The EAT in Peacock Stores v Peregrine has confirmed that where an employer consistently makes enhanced redundancy payments such action could give rise to an implied contractual entitlement.
What the Law says
Under the Employment Rights Act 1996 a statutory redundancy payment is calculated using an employee's age, weeks' pay (capped at the current limit of £450 but due to increase to £464 on 6 April 2014) and length of service (up to a maximum of twenty years service).
Background to the case
From 1996 to 2002 Peacock Stores made redundancy payments in excess of the statutory entitlement. In particular, it did not cap the amount of a week's pay nor the number of year's service to be applied. This meant that an employee with, for example thirty years' service was credited with 10 years' more service than the statutory scheme allows for.
From 2002 to 2006 the approach taken by Peacock Stores was more sporadic and it could not be said with absolute certainty that an enhanced redundancy payment was always made during this period.
At first instance, the Tribunal was satisfied that when Mr Peregrine was made redundant he had an expectation that the enhanced scheme would apply to him. Such belief derived from a consistently applied and well understood policy of enhanced redundancy payments which Mr Peregrine was well aware of, irrespective of whether or not that policy was written down anywhere.
The Employment Appeal Tribunal agreed and found that Peacock Stores' decision to enhance redundancy payments had been followed without exception for a considerable period of time and therefore had, by virtue of custom and practice, established a contractual term to the effect that enhanced redundancy payments would always be made.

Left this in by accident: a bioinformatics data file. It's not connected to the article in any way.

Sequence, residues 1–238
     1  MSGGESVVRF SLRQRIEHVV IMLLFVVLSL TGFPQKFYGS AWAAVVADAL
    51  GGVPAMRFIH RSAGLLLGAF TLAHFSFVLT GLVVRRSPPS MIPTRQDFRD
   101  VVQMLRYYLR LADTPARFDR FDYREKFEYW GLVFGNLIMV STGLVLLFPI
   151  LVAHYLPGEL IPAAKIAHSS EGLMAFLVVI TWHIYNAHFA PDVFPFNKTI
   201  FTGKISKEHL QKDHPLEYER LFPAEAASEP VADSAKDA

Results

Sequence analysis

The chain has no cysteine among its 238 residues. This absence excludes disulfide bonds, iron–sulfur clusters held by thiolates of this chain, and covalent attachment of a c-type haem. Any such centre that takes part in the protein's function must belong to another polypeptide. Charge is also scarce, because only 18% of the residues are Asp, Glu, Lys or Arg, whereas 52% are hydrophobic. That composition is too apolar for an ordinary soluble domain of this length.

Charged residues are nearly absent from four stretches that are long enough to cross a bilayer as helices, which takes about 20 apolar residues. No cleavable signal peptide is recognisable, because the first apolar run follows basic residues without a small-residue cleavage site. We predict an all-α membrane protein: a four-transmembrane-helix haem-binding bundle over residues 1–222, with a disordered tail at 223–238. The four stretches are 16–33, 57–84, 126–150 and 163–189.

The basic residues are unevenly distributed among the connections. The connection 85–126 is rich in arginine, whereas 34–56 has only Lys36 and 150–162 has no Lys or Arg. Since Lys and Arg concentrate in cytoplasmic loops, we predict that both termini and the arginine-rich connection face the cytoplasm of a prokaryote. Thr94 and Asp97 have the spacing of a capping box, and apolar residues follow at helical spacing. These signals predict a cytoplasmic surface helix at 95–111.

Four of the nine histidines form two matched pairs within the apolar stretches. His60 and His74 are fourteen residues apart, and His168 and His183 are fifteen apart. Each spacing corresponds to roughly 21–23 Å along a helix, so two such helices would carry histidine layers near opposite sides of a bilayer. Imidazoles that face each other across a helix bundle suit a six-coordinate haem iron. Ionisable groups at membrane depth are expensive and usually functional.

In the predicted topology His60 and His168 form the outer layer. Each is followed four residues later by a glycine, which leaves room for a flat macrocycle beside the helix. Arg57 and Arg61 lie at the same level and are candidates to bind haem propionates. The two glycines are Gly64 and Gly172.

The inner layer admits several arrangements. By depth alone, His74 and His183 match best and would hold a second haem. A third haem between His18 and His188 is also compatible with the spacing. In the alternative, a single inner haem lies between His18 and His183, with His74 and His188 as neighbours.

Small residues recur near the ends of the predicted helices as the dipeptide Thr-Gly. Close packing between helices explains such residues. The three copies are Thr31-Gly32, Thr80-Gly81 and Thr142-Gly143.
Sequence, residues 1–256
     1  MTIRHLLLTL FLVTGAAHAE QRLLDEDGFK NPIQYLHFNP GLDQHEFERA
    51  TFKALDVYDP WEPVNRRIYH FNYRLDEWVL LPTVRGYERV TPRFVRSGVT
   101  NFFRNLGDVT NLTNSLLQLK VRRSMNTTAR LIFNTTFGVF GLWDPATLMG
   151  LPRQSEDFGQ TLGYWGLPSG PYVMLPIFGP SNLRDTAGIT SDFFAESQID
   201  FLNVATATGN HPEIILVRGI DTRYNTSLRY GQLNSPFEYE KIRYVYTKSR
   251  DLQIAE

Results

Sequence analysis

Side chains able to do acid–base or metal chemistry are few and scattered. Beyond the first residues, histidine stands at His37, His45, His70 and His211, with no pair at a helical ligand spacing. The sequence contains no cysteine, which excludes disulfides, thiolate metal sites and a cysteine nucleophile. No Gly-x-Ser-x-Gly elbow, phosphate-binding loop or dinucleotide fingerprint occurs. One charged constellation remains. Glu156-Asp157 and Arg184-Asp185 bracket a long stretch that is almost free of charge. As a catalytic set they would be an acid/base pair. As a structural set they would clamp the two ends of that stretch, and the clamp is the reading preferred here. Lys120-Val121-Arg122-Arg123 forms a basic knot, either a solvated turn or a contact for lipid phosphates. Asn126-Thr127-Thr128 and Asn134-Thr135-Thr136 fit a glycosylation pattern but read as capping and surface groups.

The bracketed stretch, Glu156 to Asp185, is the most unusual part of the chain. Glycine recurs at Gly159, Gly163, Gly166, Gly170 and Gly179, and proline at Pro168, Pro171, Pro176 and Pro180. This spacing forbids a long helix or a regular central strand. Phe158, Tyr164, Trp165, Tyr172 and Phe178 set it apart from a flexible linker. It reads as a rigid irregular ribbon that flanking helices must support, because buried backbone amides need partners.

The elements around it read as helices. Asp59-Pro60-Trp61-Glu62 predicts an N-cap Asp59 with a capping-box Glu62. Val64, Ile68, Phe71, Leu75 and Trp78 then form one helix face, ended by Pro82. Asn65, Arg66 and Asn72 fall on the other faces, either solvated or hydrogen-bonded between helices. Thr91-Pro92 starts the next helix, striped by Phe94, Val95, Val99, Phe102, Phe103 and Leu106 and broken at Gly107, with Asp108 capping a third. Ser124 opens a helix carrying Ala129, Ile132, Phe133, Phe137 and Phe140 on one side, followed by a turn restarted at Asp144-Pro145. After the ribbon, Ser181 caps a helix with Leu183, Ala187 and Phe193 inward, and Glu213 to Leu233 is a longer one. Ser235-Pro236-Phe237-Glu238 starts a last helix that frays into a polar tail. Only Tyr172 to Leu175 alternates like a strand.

Having established the existence of a contractual term, the fact that Peacock Stores had not complied with that term when calculating Mr Peregrine's redundancy payment meant Peacock Stores were in breach of contract, entitling Mr Peregrine to pursue his claim for breach of contract alongside any claim for unlawful deductions.
The clear message from this case is that where enhanced redundancy payments have consistently been paid out using the same terms for several years, this is likely to create an implied contractual entitlement for future employees to also receive the same enhanced terms. Where such enhanced terms are consistently paid, it will be difficult to successfully argue that the redundancy payments are genuinely discretionary. This will be the case even if there is no written policy to support the employee's argument that he or she is entitled to the enhanced redundancy payment.
- If you are concerned about establishing an implied contractual entitlement then be careful not to pay enhanced redundancy terms using the same calculation each time; vary the method in which enhanced terms are calculated.
- Asking employees who receive enhanced redundancy terms to exit by way of settlement agreement with strict confidentiality provisions will be a useful tool but will not prevent custom and practice being established if such terms are well known amongst employees.
- If you believe that you have already created an implied contractual entitlement, consider consultation with the workforce (and unions) to seek agreement to the introduction of new redundancy terms before any future redundancies take effect, although doing so is likely to expose the existence of the contractual entitlement. However it may be preferable to get employees "on board", rather than risk future claims, when employees who are expecting a generous redundancy package suddenly discover that such terms are no longer available.